Laidley showed no initiative in making economic policy decisions, for he saw his duty mainly as the implementation of policy rather than its formulation. He concentrated on the administration of his department, and reported in 1830 that his staff of forty officers and clerks was not unnecessarily large because of the complexity and extent of commissariat obligations. Next year, however, the commissariat was reorganized; when the accounts branch was abolished the Audit Commission objected to Laidley's methods of cash accounting and a new system was instituted.

In 1832 Treasury bills became scarce because of large exports of whale oil and wool, and in January Laidley was forced to seek a loan of £10,000 from the colonial Treasury. Governor (Sir) Richard Bourke predicted to the Colonial Office that the military chest would probably fail unless the loan was granted, and Laidley was directed to retain a quantity of Spanish dollars, which he had been ordered to send to England.

In 1834 Laidley sought to be remunerated for unpaid duties in 1827-31 by being given the purchase money for 3840 acres (1554 ha); the Colonial Office admitted the justice of his claim but rejected his proposal and awarded him £825 10s. from colonial funds. He was also recommended for payment for his services on the committee superintending the construction and repair of all military and convict buildings in 1832-34. Frequent loans were made to the commissariat from the colonial Treasury in 1834-35, and Bourke had to direct that all Treasury bills be paid at par in an attempt to relieve both departments.

On 25 August 1835 Laidley was taken suddenly ill, and died five days later. He was buried with full military honours. He left a widow and eight children, but no will; as his property reverted to a son who was not yet 10, colonial observers forecast a hard time for the family. His wife died on 25 July 1860. One daughter, Theresa, married Thomas Mort at the church of St Lawrence, Sydney, on 27 October 1841, and another, Maria, married Henry Mort.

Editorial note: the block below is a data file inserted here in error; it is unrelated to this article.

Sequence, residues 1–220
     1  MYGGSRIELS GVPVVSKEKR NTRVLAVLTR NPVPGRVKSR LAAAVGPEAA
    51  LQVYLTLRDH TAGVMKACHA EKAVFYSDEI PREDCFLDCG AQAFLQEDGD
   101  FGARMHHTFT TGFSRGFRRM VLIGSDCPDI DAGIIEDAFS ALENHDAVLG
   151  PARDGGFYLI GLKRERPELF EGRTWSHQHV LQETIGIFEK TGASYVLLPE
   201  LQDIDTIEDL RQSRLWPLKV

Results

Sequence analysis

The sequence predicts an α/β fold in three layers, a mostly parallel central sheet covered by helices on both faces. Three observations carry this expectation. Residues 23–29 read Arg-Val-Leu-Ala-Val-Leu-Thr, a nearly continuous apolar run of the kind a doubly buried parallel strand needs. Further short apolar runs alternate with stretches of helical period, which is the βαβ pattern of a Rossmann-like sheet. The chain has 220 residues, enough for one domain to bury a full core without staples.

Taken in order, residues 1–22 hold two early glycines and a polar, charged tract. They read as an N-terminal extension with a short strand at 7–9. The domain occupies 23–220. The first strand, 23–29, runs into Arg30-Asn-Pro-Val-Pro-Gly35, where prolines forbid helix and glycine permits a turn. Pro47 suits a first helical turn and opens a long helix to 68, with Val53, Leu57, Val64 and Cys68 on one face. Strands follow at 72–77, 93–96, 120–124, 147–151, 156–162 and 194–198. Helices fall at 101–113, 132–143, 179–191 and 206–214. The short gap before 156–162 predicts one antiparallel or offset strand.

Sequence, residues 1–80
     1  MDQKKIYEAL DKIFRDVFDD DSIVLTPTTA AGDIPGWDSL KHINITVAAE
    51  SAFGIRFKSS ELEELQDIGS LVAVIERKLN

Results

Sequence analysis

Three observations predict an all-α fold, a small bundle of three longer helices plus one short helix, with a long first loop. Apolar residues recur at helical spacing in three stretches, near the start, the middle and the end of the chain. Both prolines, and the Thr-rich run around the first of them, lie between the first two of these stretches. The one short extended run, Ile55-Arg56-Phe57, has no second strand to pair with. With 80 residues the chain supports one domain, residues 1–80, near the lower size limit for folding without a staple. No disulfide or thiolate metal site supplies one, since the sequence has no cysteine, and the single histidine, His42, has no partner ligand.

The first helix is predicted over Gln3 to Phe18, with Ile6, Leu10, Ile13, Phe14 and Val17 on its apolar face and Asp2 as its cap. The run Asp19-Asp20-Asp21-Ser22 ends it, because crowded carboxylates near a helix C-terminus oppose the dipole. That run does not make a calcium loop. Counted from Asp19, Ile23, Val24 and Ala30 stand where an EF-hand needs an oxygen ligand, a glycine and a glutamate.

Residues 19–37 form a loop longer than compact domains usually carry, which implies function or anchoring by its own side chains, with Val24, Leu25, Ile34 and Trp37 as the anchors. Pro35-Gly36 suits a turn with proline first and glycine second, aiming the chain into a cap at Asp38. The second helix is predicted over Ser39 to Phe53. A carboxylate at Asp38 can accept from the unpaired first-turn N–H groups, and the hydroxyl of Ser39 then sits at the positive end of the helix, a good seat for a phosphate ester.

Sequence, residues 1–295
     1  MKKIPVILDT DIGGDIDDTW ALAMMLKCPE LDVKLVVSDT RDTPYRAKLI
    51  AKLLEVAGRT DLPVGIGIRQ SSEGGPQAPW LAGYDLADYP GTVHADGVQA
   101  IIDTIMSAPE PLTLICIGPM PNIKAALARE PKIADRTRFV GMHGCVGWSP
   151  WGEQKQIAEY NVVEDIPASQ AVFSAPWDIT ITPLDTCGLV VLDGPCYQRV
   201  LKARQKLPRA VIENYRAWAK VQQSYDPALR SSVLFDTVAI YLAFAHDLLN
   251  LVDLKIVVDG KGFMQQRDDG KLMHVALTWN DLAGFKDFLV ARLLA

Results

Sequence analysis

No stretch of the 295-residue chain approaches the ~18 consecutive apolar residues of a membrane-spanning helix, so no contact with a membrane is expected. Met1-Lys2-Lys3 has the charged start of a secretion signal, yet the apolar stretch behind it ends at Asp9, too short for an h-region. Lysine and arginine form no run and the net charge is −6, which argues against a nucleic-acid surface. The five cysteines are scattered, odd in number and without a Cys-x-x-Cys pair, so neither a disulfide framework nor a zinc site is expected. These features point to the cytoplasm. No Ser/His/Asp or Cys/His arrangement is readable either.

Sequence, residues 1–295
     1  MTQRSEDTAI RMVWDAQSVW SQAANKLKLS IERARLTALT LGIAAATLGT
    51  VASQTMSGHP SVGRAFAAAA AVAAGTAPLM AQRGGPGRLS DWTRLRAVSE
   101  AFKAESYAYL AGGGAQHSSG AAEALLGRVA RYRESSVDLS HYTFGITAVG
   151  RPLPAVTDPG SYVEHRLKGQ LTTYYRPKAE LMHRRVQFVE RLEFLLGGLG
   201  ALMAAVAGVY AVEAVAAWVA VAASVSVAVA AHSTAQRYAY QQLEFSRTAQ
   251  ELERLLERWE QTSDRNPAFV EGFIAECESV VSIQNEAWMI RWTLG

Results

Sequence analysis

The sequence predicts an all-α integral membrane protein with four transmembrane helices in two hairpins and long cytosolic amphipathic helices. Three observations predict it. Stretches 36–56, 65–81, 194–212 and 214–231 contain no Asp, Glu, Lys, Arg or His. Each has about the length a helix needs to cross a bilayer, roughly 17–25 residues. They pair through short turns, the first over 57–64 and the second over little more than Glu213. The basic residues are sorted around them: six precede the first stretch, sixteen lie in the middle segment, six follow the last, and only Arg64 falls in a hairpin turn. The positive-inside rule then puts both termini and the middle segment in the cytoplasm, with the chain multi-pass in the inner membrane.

James Laidley was a competent and honest administrator, an affectionate husband and father, and a prominent member of colonial society. His tenure of office in the depression of the late 1820s and the pastoral boom of the 1830s displayed little constructive thought, and although his department was efficient in these troublous years he had very little personal influence on the economic progress of the colony.

Select Bibliography

  • Historical Records of Australia, series 1, vols 13-18
  • Sydney Gazette, 8 Oct 1827, 14 Mar, 15 Sept 1828
  • Australian, 9 Sept 1829, 13 Apr 1832
  • WO 58/116
  • microfilm FM 1 (State Library of New South Wales)
  • Piper papers, vol 2 (State Library of New South Wales).

Citation details

George Parsons, 'Laidley, James (1786–1835)', Australian Dictionary of Biography, National Centre of Biography, Australian National University, http://adb.anu.edu.au/biography/laidley-james-2317/text3009, published first in hardcopy 1967, accessed online 20 November 2017.

This article was first published in hardcopy in Australian Dictionary of Biography, Volume 2, (MUP), 1967